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New Link: UNO-CHART May 20, 2009

Posted by Dan in Links, Research.
University of New Orleans

University of New Orleans

With damaged student housing a plague upon the hinterlands of its campus, The University of New Orleans created a special research unit on Aug. 21, 2002 (around the same time post Katrina U.S. Postal Service households receiving mail data restarts) with the specific intent of reducing community vulnerability to many disaster types.

Damaged Student Housing south of U of NO

Damaged Student Housing south of U of NO

The focus of the Center for Hazards Assessment, Response and Technology (UNO-CHART) is to support Louisiana community sustainability in light of natural, technological, environmental and terrorist risks to which the region is vulnerable.

The Center undertakes applied social science research to understand ways in which Louisiana communities and the coastal region respond to these risks, assists in the development of best practices for reducing risks and helps in implementing these practices to achieve comprehensive community sustainability. The second focus of UNO-CHART is the reverse dynamic-the impacts of community activity–social / political /economic-on the ecosystems within the costal and southeast region of the state.

Center for Hazard Assessment Response and Technology

University of New Orleans
CERM Bldg., Suite 339
UNO Research and Technology Park
New Orleans, Louisiana 70148
United States

Contact Information
Telephone: 504-280-5760
Email: chart@removeme.uno.edu

Recent Work:

Recovery Lessons from New Orleans: A Review of a City’s Efforts to Recover from Hurricane Katrina and Implications for Emergency Management in British Columbia

A Project of the Pacific Northwest Preparedness Society in Collaboration with the University of New Orleans – CHART (Center for Hazards, Assessment, Response and Technology)

Recovery Lessons from New Orleans

Recovery Lessons from New Orleans

click here to download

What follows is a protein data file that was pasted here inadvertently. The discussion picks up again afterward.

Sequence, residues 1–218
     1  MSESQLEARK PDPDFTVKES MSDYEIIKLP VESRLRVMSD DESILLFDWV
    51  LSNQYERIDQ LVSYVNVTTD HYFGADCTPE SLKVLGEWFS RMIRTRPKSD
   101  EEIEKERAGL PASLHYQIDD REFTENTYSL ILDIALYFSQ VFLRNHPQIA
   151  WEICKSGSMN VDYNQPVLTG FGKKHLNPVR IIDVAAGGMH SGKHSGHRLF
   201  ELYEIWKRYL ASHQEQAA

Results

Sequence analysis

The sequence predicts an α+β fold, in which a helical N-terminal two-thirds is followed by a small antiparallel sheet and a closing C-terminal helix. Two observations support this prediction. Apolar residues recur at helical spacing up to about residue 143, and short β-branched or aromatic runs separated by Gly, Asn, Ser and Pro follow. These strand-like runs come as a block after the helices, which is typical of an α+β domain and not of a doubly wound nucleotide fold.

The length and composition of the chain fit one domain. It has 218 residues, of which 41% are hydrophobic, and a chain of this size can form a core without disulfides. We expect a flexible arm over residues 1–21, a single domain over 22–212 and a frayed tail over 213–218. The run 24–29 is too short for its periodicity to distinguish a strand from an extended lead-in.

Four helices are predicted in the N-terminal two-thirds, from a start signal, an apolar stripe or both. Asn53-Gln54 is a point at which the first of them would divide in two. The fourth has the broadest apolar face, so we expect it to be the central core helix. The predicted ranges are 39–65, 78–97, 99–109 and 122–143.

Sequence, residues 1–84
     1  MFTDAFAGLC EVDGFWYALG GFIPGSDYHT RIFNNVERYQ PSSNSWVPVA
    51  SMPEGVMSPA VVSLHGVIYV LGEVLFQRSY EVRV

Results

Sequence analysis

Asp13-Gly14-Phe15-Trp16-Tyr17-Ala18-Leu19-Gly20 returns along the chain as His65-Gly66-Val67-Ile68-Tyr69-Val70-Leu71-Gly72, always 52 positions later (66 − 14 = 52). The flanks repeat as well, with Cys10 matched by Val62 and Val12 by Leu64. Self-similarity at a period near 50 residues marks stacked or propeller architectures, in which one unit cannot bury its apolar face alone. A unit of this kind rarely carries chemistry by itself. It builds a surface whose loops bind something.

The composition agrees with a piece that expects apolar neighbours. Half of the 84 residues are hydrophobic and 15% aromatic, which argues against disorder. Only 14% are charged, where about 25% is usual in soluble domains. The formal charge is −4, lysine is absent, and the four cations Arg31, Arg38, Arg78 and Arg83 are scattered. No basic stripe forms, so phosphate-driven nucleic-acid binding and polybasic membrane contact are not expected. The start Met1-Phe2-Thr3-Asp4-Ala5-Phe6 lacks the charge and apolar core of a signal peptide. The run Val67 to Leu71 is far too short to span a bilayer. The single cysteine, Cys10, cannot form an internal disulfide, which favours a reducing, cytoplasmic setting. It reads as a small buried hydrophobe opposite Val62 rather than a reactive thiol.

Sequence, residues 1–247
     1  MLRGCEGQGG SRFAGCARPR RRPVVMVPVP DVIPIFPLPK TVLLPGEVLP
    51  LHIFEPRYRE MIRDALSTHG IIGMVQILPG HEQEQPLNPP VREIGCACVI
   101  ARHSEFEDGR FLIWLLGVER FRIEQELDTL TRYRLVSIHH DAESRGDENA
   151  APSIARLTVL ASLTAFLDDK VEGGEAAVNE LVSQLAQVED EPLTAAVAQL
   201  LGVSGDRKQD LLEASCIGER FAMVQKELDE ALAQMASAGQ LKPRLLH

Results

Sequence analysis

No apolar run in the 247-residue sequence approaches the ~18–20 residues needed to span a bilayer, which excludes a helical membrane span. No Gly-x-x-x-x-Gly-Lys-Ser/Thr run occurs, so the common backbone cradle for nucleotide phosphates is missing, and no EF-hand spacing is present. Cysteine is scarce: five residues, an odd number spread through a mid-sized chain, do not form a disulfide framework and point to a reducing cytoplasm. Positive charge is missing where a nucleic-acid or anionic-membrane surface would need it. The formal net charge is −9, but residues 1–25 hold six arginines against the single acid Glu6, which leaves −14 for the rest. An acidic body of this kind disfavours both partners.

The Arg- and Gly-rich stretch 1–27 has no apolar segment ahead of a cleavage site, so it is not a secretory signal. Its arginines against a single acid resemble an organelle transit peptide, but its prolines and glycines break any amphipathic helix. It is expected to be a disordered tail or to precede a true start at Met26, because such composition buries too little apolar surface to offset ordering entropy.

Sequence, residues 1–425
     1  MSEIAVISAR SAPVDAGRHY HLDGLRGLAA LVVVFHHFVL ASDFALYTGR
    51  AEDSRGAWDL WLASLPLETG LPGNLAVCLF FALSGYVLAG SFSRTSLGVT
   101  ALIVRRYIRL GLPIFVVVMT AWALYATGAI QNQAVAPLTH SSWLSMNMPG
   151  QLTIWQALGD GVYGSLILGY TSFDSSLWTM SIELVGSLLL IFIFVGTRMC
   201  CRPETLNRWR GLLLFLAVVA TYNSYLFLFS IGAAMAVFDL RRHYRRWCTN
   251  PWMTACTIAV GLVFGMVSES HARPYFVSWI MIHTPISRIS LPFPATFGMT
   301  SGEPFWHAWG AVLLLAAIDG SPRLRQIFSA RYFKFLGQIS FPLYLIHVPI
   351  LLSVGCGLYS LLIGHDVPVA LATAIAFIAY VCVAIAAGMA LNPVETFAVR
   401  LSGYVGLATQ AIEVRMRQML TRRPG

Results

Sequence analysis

New Orleans Elevations

Imagining what an attractive elevated home can look like is a challenge to many homeowners contemplating or actually beginning the house elevation process. The hazard center at the University of New Orleans, UNO-CHART, has developed a neighborhood-based map to offer New Orleans residents, community leaders, and others an opportunity to visualize home elevation options. Homeowners can see how others have elevated, including homeowners in their own neighborhood.

Some homeowners may not be sure they want to elevate their homes at all, others may have made the decision to elevate but do not know exactly what they envision for their home’s appearance once elevated. CHART hopes this electronic array of elevated homes will help with the decision making process.

The map shows a variety of elevated homes raised to all heights of elevation, whether it be the height for Flood Insurance/building ordinance requirements or much higher. It shows many different kinds of first floor treatments, that is, ways of covering or utilizing the space between the house and the ground. How the space is handled often depends on the height of the elevation. Lattice work and masonry are common for more moderate elevations. Shutters and recessed shaded areas appear in some of the higher houses.

The map shows houses representing owners of different income levels and houses in different states of repair. It features houses that were elevated long before Hurricane Katrina and houses that have been elevated since then. Some photos feature attractive landscaping, others point to the potential for landscaping. Architectural features, such as staircases, banisters, porches, and detailed exterior design work are highlighted wherever they occur. CHART hopes that through discussion and illustration of home elevation, communities will view mitigation and thus, enhanced safety, as attractive and desirable.

click here to see the map

New Orleans Elevations
New Orleans Elevations

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